Trifles Review Essay

1518 Words7 Pages
“Trifles” by Susan Glaspell observes the different reactions characters have due to a murder case. Each of the characters emotions are captivated within the dialog and fundamentally an understanding of the state of mind that lies beneath the scene. The play explains the psyche of the suspect who feels justified due to their past experiences, the sympathy shown from a friend who wasn’t always there, the difference in thought process amongst genders, and the empathetic struggle between law and justice. Glaspell explores how the understanding of a situation depends on the character’s personal relations with the suspect, and in turn how this affects their judgment of a person’s actions. Mrs. Hale’s reaction to the situation is empathetic to…show more content…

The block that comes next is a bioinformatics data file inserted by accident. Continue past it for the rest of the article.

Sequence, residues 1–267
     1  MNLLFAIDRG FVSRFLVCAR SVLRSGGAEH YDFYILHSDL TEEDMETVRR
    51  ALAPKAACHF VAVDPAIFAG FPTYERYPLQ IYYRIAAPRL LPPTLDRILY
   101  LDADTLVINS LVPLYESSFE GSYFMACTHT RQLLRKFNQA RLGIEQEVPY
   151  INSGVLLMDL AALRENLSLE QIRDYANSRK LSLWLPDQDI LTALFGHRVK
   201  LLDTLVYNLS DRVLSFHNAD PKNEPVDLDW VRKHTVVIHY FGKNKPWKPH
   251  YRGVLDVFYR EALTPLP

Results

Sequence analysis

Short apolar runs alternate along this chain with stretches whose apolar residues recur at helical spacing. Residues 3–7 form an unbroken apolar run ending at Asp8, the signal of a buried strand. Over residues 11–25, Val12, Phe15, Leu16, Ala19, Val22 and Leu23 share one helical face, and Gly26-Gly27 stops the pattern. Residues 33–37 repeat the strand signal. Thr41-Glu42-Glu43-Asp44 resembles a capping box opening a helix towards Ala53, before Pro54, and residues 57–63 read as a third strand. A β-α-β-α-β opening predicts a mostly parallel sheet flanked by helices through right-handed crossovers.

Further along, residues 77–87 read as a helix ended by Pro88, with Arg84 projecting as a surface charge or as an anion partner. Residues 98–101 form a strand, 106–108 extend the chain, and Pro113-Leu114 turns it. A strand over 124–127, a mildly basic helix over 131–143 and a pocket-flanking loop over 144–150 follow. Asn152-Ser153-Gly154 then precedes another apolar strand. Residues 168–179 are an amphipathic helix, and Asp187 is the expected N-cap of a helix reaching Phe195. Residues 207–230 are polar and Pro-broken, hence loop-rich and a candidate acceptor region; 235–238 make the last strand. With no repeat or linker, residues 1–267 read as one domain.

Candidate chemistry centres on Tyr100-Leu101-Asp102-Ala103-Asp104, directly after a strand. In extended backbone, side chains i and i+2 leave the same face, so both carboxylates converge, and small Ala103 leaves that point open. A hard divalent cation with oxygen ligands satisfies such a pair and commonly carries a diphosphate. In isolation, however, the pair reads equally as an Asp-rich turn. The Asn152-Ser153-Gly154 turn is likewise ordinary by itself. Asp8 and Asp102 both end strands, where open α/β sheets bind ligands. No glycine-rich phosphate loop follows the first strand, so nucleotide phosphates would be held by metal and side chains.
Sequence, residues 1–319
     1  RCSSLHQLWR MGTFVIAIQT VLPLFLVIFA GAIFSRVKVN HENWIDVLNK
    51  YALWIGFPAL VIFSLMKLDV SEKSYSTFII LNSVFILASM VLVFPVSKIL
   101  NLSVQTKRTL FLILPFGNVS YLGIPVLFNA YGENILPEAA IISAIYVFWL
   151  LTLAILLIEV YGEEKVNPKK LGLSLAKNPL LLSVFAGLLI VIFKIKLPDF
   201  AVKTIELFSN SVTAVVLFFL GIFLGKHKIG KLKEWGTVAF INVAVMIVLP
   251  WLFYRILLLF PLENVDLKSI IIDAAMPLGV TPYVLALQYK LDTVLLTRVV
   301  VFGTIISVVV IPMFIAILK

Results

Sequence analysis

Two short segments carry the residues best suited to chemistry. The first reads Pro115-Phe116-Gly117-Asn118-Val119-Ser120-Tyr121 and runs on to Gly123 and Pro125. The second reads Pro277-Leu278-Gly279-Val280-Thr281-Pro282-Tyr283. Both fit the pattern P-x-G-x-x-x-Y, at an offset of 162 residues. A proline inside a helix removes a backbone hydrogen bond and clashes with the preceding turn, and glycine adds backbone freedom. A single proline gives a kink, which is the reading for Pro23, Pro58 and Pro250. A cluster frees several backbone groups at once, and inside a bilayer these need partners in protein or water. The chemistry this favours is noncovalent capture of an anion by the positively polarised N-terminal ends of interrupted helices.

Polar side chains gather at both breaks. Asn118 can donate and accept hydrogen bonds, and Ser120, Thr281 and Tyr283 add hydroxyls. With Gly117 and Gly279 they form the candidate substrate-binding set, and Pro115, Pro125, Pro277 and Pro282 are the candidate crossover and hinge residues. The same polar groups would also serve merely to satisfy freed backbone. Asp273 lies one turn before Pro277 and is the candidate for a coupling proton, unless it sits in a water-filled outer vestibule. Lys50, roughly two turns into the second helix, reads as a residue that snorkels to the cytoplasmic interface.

Mrs. Hale’s understanding of the situation also comes from the insight she had on Mr. and Mrs. Wright’s relationship. Her understanding allows her to more easily see a motive than Mrs. Peters or the men. Glaspell shows Mrs. Peters’ ignorance in the following lines, “Not to know him; I’ve seen him in town. They say he was a good man” (1035), and follows that with Mrs. Hale’s understanding of Mr. Wright “Yes-good; he didn’t drink, and kept his word as well as most… But he was a hard man, Mrs. Peters. Just to pass the time of day with him-[Shivers]” (1035). With this personal experience of knowing both Mr. and Mrs. Wright; Mrs. Hale has a different perspective of what has happened than the reader or the rest of the characters. With this knowledge Mrs. Hale can share Mrs. and Mr. Wright’s relationship with not only Mrs. Peters but also the reader, and allow both audiences a chance to make their own judgment of the situation. Mrs. Wright’s reaction is somewhat nonchalant to the situation and creates a sense of justification toward her actions. When Mr. Hale describes the encounter with Mrs. Wright there is a sense of uneasiness. Mrs. Wright laughs when Hale asks if he can see Mr. Wright and is nonchalant when telling him that he is dead. The strangest thing about the situation is Mrs. Wright is worried about very trivial things while she is being held for murder. Glaspell uses Mrs. Wright’s distracted behavior to show her
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